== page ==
Since the publication of my first book, Plantation Shudders: A Cajun Country Mystery, I’ve learned that I am more than just an author. I am a brand. And I’m okay with that. My late father was a “Mad Man,” and I grew up in a household where a good ad campaign wasn’t just admired, it was revered.
But how to create my brand, a look that would allow readers to identify me with my series? I’d lost some weight and finally fit into jeans, so that seemed a good choice for bottoms. For my tops, I purchased a selection of tee shirts sporting Cajun and Louisiana images. Sounds like a great idea, right? Wrong. Here’s the evidence. In the first picture, I look like I should be chugging a Longneck at a football party. (Go, Green Wave!)
I was on an illustrious panel at San Diego’s Mysterious Galaxy. But do I look like it in the photo below? No, I look like I wandered in after dropping my dogs off at the groomers, and then wedged myself into a photo op with some elegant, appropriately-attired authors (who would be Nancy Cole Silverman, Daryl Wood Gerber, and Diane Vallere).
Clearly, I needed a new approach for 2015’s Bouchercon, the mothership of mystery conferences. I replaced the jeans with a varied collection of black pants. My friend and fellow author, Lisa Q. Mathews, suggested I go with Mardi Gras colors of purple, gold and green. I loved that idea, and even made some necklaces to really sell my “brand.”
But I began to wonder, had I tipped too far in the other direction? In the manuscript for my second book in the series, Body on the Bayou, one character describes an overdressed woman as looking like a Mardi Gras float. Had I crossed that line myself? There was only one way to know for sure: check with fashion guru Diane Vallere.
Diane is a woman with so much taste that simply posting a picture of what she’s packing for a conference inspires envy. I tracked her down on Day One of Bouchercon, ran my outfit by her, and got a double thumbs-up. Even better, when I saw her the next morning, she blurted out, “I was thinking about you and how much better this look and these colors work than the tee shirts.” OMG! The fact that Diane Vallere, one of the hardest-working writers I’ve ever met, used a second of her valuable time to think about me sealed the deal. Just to be safe, though, I put her on alert to let me know if I ever cross the line into parade float.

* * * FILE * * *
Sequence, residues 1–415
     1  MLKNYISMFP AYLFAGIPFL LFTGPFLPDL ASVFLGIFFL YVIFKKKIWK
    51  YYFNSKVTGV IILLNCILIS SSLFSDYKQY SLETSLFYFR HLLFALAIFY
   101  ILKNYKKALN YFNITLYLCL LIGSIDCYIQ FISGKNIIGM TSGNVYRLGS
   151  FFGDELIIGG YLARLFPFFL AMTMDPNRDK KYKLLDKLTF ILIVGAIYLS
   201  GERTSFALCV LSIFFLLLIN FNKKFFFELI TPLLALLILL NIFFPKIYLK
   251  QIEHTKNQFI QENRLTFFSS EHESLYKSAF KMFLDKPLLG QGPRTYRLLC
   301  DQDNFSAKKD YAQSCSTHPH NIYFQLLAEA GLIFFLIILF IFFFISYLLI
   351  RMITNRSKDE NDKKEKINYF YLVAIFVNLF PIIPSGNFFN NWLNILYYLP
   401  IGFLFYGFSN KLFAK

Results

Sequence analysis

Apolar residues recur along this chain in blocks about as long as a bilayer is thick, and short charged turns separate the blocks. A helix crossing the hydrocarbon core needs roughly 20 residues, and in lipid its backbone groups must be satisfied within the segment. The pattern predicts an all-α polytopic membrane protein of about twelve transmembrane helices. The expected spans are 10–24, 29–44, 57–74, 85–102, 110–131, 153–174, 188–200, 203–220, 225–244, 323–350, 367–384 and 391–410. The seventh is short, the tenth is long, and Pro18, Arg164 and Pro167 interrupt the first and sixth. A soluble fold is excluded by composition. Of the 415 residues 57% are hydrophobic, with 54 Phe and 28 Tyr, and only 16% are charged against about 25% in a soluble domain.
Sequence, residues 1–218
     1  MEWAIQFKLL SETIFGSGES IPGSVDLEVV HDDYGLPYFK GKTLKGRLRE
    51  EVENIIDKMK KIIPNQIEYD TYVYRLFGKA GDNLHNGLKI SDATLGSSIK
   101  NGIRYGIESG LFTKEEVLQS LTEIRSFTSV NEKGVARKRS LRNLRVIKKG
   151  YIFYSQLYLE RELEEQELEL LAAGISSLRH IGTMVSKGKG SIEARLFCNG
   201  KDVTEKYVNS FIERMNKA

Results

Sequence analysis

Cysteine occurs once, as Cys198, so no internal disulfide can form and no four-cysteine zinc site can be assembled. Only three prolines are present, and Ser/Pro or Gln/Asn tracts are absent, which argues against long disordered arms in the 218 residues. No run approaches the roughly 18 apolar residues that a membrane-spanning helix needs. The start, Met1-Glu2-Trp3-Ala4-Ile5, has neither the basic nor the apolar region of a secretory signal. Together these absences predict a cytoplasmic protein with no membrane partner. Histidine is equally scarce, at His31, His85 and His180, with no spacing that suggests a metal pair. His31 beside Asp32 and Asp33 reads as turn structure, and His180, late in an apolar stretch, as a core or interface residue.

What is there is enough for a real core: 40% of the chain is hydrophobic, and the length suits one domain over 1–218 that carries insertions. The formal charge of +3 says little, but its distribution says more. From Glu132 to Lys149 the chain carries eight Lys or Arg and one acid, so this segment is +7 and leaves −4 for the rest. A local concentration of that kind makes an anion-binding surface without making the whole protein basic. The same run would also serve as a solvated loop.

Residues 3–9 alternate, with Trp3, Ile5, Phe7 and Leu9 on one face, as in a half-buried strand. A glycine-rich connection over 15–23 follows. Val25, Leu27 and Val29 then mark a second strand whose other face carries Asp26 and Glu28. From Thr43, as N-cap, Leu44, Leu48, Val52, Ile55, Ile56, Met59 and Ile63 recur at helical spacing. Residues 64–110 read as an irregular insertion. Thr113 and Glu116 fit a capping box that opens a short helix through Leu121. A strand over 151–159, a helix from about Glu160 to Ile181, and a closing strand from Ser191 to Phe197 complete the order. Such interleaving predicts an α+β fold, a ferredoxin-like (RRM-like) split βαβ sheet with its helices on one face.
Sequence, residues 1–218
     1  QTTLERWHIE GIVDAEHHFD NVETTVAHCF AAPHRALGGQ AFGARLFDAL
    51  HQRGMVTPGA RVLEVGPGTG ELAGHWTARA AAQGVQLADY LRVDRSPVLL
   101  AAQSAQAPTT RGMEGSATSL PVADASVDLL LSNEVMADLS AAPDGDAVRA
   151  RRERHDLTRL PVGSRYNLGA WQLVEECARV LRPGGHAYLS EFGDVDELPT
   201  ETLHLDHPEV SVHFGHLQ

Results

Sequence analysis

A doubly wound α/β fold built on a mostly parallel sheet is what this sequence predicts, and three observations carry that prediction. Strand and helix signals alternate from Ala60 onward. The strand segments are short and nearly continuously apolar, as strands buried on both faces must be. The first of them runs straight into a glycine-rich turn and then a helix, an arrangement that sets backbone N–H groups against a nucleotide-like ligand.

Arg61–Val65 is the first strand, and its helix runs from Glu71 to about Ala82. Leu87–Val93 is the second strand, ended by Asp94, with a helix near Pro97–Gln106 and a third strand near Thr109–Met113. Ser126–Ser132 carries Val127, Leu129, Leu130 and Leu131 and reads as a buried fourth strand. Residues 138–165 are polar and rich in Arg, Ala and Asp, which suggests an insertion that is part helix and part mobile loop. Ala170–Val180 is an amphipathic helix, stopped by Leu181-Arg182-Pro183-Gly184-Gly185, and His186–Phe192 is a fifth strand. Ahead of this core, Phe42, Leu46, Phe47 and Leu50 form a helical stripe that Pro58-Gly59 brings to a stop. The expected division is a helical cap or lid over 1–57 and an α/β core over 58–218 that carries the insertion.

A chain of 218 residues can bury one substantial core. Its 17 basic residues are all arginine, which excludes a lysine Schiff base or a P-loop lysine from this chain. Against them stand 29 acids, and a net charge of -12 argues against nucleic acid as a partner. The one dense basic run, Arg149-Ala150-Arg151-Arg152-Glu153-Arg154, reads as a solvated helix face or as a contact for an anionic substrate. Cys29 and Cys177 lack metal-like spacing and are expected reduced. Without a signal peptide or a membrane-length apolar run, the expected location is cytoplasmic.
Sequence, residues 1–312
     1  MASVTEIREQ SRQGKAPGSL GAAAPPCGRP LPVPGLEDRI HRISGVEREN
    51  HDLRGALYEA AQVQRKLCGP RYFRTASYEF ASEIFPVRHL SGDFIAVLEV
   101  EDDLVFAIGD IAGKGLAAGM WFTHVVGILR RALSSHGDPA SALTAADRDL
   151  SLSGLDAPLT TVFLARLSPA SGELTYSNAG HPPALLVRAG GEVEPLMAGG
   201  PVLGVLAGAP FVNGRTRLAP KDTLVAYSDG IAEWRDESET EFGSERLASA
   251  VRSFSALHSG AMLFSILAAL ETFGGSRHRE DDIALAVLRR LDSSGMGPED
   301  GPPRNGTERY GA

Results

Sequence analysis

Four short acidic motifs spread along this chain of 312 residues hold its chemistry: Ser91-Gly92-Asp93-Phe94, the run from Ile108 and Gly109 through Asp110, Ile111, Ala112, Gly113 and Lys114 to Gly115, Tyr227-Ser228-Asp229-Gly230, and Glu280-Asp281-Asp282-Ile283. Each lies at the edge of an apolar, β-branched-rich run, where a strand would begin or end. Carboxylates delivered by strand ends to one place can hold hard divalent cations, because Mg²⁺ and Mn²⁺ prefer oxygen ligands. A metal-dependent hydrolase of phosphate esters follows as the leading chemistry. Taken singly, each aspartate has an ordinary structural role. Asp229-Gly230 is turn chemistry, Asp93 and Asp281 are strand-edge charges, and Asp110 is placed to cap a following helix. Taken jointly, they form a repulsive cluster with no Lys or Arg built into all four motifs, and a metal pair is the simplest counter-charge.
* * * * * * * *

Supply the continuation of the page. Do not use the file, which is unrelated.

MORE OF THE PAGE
As I departed Bouchercon, I joked to a friend that I might as well leave my branded clothes in the suitcase until it was time for the Left Coast Crime Conference. “You’re going to wear the same outfits?” she asked, aghast. I muttered yes, and didn’t add that I was also planning to wear them to Malice Domestic. The conversation disturbed me. Even if I dodged looking like a float, would I risk being labeled a weirdo if I wore the same outfits to every conference?
Then I came up with a brilliant solution to the problem: a little something I like to call shopping. I now have a legitimate and very businesslike reason to expand my wardrobe. I need to rotate the stock and to do that, I need stock to rotate. Hmmm… a wide array of purple, green and gold tops, possibly tax-deductible and definitely vetted by Diane Vallere? Color me branded.